So far, we have discussed indirect interactions between fibroblasts and cardiomyocytes due to ECM, but there is also compelling evidence that the two cell types can directly couple to each other via connexin-based gap junctions (for a recent review, see [25]). In fact, electrical coupling between fibroblasts/myofibroblasts and ventricular cardiomyocytes has been demonstrated not only in co-culture conditions [26,27,28], but also in the whole heart [29]. Heterotypic cell connections were also demonstrated in atria [30, 31] and atrioventricular nodes [32], where the first proof of an electrophysiological effect of nonmyocytes (in this case, resident macrophages) on cardiac electrical conduction was directly confirmed in native tissue [33].

The schematic drawings in Fig. 2 illustrate the consequences of heterocellular coupling via gap junctions for membrane potential and impulse propagation. Electrical coupling of two cardiomyocytes with similar resting potentials will be without consequence for either cell in resting conditions (Fig. 2a). Since the resting potential in fibroblasts is less negative than in cardiomyocytes, heterocellular coupling will influence the membrane potentials of the two cell types in opposite directions, i. e., the membrane potential of the fibroblast becomes more negative whereas that of the cardiomyocyte will be slightly less negative (Fig. 2b). In addition, effects of heterocellular electrotonic coupling are thought to be dependent on the cardiac contractile cycle [34]. With respect to the electrical cycle, an action potential in the first cardiomyocyte will induce an electrotonically mediated potential change in the fibroblast. This, in turn, may cause sufficient depolarization of the next cardiomyocyte to reach the threshold potential, leading to passive propagation of an action potential through a nonexcitable cell, although with some delay (Fig. 2c). The respective experimental recordings of membrane potentials in cardiomyocytes and fibroblasts have been documented [26]. However, if more than one fibroblast is interposed between the cardiomyocytes, the depolarization of the distant cardiomyocyte may not be sufficiently large to reach threshold and impulse propagation will fail (Fig. 2d). In cell culture experiments with neonatal rat cells, conduction fails if the bridging distance is larger than ~300 µm [27]. Several groups are working with computer simulations of these results in order to understand better the complex electrical interactions between cardiomyocytes and fibroblasts [35,36,37,38].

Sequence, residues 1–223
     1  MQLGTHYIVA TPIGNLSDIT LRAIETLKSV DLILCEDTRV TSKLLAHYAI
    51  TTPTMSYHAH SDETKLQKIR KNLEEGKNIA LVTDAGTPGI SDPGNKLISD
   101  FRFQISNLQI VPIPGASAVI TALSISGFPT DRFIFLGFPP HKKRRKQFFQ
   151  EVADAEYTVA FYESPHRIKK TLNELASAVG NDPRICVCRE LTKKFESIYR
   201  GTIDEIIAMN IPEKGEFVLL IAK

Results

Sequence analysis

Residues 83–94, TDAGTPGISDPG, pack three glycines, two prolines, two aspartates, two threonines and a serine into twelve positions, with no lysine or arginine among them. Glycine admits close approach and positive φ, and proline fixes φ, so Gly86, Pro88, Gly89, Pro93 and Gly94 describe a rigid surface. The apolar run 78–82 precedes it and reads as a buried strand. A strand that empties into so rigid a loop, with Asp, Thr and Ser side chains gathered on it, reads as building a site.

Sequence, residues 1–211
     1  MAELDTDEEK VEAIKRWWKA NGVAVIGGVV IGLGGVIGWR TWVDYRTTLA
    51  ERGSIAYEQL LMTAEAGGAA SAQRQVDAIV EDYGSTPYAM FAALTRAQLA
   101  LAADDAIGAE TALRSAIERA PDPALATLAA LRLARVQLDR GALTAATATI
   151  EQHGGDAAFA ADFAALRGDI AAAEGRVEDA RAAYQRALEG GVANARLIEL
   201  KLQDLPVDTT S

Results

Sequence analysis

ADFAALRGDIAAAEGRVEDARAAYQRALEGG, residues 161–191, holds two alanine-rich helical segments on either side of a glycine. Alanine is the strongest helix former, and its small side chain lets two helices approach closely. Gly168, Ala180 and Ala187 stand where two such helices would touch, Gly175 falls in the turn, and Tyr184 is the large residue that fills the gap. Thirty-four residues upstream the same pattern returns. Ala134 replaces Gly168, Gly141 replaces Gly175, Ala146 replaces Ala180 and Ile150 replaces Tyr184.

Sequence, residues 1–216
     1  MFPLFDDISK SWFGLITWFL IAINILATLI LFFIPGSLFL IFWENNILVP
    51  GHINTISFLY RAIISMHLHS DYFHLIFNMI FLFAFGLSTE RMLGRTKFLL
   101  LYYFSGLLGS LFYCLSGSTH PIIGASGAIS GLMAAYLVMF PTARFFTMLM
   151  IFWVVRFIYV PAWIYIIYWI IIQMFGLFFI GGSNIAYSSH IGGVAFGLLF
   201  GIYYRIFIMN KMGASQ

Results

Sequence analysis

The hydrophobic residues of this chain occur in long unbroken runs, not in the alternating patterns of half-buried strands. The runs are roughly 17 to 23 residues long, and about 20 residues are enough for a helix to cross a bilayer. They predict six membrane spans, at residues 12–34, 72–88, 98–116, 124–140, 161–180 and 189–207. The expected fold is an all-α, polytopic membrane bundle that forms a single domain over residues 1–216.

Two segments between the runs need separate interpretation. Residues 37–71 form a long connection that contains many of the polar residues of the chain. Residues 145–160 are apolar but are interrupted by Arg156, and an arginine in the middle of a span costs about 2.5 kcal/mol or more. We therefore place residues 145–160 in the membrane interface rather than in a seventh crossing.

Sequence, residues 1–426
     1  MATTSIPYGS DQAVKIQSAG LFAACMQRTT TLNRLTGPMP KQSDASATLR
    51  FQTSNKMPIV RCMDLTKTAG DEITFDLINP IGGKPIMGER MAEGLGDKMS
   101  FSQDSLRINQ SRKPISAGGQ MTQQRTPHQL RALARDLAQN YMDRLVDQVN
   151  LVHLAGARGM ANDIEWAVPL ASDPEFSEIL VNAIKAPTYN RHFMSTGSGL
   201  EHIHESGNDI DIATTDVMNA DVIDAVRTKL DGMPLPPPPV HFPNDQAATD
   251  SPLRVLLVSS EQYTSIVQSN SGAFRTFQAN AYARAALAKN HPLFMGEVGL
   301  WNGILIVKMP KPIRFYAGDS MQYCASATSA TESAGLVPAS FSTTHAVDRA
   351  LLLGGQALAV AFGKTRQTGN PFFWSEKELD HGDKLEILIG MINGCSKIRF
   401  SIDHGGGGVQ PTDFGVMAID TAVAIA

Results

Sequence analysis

Fig. 2
figure 2

Schematic drawing of the influence of cardiomyocyte–fibroblast coupling on membrane potentials and impulse propagation. a Coupling between two cardiomyocytes of similar resting potential (i. e., human atrial cardiomyocytes, −74.0 ± 0.9 mV, n = 238 cells from 221 patients in sinus rhythm; [61]): no change. b Coupling of cardiomyocyte to fibroblast (resting potential of human atrial fibroblasts, −35.1 ± 4.2 mV, n = 31 from seven patients in sinus rhythm; [13]): depolarization of cardiomyocyte, hyperpolarization of fibroblast. c Intercalation of a single coupled fibroblast: conduction delay (see also [26]). d Intercalation of several coupled fibroblasts: failure of conduction (e. g., when bridging distances of >300 µm in culture, [27])

Cardiomyocyte–fibroblast interactions become clinically relevant in the context of catheter ablation, which is currently the most effective way to stop or attenuate re-entries underlying AF. The scars generated in response to these interventions are essentially made of ECM proteins and fibroblasts leading to a nonconductive barrier. To overcome sustained AF, it is crucial that these regions are and remain nonconductive. Nevertheless, the high rate of reoccurrence of AF after catheter ablation [39, 40] suggests that scars may fail to block re-entries. This is at least in part caused by the resumption of electrical conductance due to heterocellular coupling in the scar tissue. Another clinically relevant aspect of cardiomyocyte–fibroblast interactions is the formation of scar tissue in response to myocardial infarction. Fibroblasts may electrically bridge gaps between surviving cardiomyocytes, thereby increasing the conductivity of the lesions and improving cardiac function. These examples highlight the importance of better understanding fibroblast–fibroblast and fibroblast–cardiomyocyte coupling to be able to make better scars: either nonconducting or electrically transparent; scars may be a desirable target, depending on clinical context.